Considering that a lot of visitors come to the Mariners Morsels from Lookout Landing, and the guys over there have this new thing called "Diary" to invite others to help populate their cool site, I feel OK with doing some of my blogging work over there. For those of you who may come here without going over there, I'll invite you over there for my latest diary entry asking who will go down first in 2005.

Generally, if it involves a poll, I'll post over there and try to link it here. I'm working sparingly on writing my own home-brewed blogging application, and since it's going to take awhile for it to be up and running, I'll continue to use a combination of both realms to spew my thoughts.

And, in case you're wondering, my prediction is Magglio Ordonez. That may not be a fair, though, because he may well start the season on the DL.

Saturday, February 05, 2005

Shell-Shock from the Hot Stove League

It really shouldn't surprise any of us that Magglio Ordonez is about to be the next name off the market, signed to an interestingly long contract not unlike others have received this off-season.

I'm beginning to truly wonder if there's any correlation between the stratospheric contracts heating up the Hot Stove so incredibly that it's really the subterfuge behind this insanely warm winter weather (and, hence, the depressingly horrid ski season).

Part of me wishes that the M's would not have partaken in one of these deals. A huge part of me, really. However, having just met Richie Sexson, and seen the effects of his presence on Boonie during the Q & A session at FanFest, I'm beginning to really see how he's going to really help Seattle. I've also delved shallowly into the deep pool of statistics to scrape together some statistical reasons why signing Sexson might have been better than signing Delgado. I've promised a more detailed on this for awhile, but I'm not quite ready to expose my infantile sabermetric skills just yet. I will get to it soon, though.

Outside of Beltre and possibly Beltran, I think all of us armchair GMs are about as shell-shocked by the sheer number of albatross contracts doled so freely out this Hot Stove League offseason as we were from the 99 losses the 2004 M's delivered to the fans. Especially tickling my uvula* are two basic trends:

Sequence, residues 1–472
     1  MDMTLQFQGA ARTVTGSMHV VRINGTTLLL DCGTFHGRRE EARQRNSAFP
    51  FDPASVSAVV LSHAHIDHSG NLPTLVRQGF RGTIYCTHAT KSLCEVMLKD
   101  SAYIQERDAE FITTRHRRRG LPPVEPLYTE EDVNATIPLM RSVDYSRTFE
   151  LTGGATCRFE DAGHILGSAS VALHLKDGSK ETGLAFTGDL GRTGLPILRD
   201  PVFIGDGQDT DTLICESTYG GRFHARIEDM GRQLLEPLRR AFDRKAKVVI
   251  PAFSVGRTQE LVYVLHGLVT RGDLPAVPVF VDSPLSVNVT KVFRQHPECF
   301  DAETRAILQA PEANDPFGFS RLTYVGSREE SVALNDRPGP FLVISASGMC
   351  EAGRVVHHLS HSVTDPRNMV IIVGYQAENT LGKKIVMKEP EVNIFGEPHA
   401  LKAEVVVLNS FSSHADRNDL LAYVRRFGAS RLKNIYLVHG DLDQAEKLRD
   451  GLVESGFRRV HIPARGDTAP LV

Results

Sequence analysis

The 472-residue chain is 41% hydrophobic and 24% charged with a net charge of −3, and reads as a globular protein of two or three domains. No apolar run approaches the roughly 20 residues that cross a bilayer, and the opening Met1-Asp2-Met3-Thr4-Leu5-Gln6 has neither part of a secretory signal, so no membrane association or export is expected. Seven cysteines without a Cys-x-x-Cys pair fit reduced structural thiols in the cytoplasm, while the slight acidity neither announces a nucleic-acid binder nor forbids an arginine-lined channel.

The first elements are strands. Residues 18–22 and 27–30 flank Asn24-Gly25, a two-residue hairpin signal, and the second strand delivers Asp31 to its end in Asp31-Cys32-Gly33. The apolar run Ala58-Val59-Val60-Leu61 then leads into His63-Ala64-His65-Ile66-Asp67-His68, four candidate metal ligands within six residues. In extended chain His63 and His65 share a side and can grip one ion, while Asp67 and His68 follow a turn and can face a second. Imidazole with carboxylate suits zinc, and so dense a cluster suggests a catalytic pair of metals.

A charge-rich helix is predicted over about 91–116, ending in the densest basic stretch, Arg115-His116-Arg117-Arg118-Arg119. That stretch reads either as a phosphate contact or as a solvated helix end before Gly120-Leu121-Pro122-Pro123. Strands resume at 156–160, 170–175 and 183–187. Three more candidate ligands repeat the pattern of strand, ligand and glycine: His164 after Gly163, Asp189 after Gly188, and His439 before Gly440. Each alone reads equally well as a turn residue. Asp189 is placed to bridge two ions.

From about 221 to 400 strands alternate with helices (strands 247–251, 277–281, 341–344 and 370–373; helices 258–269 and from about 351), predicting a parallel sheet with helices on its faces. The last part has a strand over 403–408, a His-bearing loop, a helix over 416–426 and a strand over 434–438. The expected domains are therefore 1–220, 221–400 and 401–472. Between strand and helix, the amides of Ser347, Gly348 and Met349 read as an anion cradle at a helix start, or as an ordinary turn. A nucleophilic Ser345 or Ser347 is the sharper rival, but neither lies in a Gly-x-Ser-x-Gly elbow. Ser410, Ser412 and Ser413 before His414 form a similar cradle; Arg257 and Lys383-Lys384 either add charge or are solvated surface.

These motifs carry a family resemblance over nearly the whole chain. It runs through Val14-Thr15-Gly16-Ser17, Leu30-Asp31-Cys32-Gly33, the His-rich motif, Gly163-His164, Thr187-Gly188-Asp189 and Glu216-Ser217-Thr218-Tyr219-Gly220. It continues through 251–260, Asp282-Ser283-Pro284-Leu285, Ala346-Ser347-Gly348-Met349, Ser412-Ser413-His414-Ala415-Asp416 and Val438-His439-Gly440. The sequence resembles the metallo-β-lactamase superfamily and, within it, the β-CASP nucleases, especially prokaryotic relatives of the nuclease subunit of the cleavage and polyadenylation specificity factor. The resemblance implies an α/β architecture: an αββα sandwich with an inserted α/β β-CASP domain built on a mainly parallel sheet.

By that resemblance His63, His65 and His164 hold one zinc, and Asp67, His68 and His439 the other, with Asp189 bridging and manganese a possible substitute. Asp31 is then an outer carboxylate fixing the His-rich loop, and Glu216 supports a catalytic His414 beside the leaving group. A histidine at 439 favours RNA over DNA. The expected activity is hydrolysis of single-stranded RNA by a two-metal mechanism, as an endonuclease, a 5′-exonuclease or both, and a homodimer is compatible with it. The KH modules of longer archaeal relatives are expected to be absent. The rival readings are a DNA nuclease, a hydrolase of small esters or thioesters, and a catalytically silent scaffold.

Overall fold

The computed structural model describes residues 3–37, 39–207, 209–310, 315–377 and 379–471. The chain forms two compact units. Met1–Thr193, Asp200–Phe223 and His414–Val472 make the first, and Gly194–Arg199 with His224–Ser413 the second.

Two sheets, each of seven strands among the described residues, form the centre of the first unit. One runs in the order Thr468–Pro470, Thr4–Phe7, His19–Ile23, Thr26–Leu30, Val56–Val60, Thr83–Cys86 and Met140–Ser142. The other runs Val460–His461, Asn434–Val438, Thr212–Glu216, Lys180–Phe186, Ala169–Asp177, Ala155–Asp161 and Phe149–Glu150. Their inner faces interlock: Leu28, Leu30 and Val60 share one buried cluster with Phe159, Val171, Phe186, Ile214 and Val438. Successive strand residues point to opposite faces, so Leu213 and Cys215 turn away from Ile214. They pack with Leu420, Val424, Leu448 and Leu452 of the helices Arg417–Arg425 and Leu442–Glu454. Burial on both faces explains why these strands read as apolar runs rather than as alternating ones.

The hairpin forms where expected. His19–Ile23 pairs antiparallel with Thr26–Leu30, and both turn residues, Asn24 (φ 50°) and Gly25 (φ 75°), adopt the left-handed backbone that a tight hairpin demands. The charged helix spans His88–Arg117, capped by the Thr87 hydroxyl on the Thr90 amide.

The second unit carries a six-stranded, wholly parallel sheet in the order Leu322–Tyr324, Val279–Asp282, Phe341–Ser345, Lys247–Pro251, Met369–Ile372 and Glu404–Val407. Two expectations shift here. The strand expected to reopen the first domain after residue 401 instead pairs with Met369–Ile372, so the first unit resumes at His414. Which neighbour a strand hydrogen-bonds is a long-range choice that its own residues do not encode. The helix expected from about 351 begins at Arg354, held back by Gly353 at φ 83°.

1) Longer term $6-9 million per contracts to pitchers more along the lines of the Ryan Franklins of the world.
2) Long term and larger contracts to guys coming off of serious injuries.

Topping the list under scenario #1 has to be Derek Lowe. Sure, he's a 2004 postseason hero, and has had some success in the win/loss column in the past (not to mention the saves column). I'm still a bit amazed as to why Moneyball assistant-guru DePodesta would value his stats so highly to pay him $36 million. I mean, I might be convinced that Lowe could be a good value, but for four years? For $36 million? Absolutely not. I could see POSSIBLY 3 years $18 million, but for as much as DePo really is a Moneyball founding father, I'm a bit stumped by this one.

Coming in a close second has to be Jaret Wright's contract with the Yankees. I'll admit I haven't followed him all that deeply, but from what I've read, his arm should fall off sometime in 2005. Moving away from his sensei in Atlanta will be like Linus having to cope in society without his trusty blanket. Speaking of them Yankees, I find it quite odd that in his first article at his new digs, Trent omits them from his "worst offseason" list, even from the honorable mention. Adding two years onto RJ's contract? Declining Lieber's option? Jaret Wright? NOT getting Beltran? RJ will help, provided he's relatively healthy, but that's becoming less and less likely the more north of 40 he flies...